Friday, November 18, 2011

If I have a PV system, why do I need a back up generator?

First, I'll mention that the program scheduled for Nov. 2 at the Beekley Library in New Hartford was cancelled due to the storm. We are currently trying to reschedule, likely for sometime in late winter or early Spring. I'll post it when we have a firm date.
Now, on to my subject of choice today. Backup generators.
As many of us have learned this year, extreme weather events disrupt our lives and remind us of our dependence on fossil fuels. It's always a surprise to people that we also are "powerless" when the grid is down, even with our 38 PV panels shimmering brightly in the sun on our roof. I wanted to explain this phenomenon. Since we are tied to the CL&P grid, we are required to shut down our system to prevent harm to line workers. Our system is also leased, so we cannot make changes to the system, to allow us to add batteries, or other "bypass" systems to the connection we have to the grid. While there are many benefits to a grid tied system (no large room full of expensive batteries to store our electricity), this is one disadvantage. If we had to do over again (and had the money to purchase the PV system ourselves), I still don't think we would have done it differently. Batteries are expensive, dangerous, and require maintenance. Battery technology is improving, but it's still not great enough for me to consider switching to an off-the-grid system.
A more frustrating situation for me during the power outage was the fact that I had to run my little Honda generator, and burn gasoline, just to get my solar thermal loop working (and thus hot water). Duh. That made no sense. So we are currently researching installing several dedicated PV panels (that we would own) and a small battery pack, to power the pumps and sensors on our solar thermal loop in the case of an outage.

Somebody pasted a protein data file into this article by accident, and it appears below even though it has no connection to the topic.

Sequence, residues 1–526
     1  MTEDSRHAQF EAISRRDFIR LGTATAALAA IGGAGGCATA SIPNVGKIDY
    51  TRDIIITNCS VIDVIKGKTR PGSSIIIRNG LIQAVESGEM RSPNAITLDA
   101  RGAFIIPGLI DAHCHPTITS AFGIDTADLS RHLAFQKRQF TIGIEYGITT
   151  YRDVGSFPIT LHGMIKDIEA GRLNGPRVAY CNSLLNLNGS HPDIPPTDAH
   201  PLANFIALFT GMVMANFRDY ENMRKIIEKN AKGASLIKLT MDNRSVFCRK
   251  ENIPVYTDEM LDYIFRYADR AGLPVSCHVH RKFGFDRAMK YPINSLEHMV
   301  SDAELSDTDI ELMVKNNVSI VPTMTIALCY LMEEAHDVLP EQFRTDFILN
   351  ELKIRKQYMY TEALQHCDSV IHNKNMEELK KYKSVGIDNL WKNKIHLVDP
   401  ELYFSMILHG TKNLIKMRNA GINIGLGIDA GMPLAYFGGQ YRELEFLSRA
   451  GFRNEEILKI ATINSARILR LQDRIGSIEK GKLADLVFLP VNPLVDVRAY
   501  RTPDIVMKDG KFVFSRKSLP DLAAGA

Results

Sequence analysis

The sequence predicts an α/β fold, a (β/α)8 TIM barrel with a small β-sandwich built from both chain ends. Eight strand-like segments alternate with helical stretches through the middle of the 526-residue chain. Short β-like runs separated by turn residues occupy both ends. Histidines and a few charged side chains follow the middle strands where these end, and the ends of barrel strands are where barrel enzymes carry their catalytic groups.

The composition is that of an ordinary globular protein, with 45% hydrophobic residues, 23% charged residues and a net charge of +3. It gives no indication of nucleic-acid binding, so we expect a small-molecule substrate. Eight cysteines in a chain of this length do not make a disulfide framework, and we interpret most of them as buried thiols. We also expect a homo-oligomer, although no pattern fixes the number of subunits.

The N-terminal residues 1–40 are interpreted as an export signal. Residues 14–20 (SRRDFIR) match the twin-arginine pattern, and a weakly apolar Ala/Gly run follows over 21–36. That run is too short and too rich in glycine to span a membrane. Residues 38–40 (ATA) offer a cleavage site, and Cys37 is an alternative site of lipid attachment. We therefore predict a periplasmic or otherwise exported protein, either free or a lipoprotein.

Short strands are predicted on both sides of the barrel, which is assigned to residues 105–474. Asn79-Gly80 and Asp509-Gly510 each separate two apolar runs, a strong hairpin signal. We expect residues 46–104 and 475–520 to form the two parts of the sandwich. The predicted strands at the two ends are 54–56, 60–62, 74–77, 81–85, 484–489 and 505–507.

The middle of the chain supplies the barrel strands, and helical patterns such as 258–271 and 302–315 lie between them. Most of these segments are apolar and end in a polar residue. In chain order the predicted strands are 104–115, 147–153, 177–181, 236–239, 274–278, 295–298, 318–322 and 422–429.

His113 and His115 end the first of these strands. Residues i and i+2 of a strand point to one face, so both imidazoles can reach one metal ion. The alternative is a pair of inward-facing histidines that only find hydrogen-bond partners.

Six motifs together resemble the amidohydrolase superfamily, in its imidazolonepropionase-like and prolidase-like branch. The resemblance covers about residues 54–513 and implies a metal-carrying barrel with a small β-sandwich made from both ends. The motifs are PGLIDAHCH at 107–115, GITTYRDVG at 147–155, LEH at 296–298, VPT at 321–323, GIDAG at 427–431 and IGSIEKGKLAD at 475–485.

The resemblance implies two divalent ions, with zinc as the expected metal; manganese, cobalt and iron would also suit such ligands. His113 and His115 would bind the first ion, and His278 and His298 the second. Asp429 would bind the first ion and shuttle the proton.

One thing I will say about the storm aftermath. Our house was so cozy even without our heating system running for 8 days. It took about 4 days for our slab temperature to drop to 65F, a testament to the excellent insulation and thermal heat sink in our house. When we had the generator running, several hours in the morning and evening, we ran a small electric space heater which was enough to keep us very comfortable.
I have a secret to reveal...I was actually a little bummed when the power came on. I so enjoyed our family time eating dinner by candlelight, having long discussions, playing games and puzzles with our kids. No ipads, laptops, TVs, fights over video games. It wasn't lemons for me, it was slightly sour, but sweet and delicious lemonaid.

3 comments:

George Pepper said...

I think it's a testament to design, that you managed to actually enjoy your time without power rather than being uncomfortable.
A good excuse for some family time though!

Sharkwille APS said...

Backup Generators provides safety for our systems.It protects your system from damage,all the time.

Kaieza Damien said...

Hi there! great stuff, Thanks for sharing a very interesting and informative content, it helps me a lot, keep it up!


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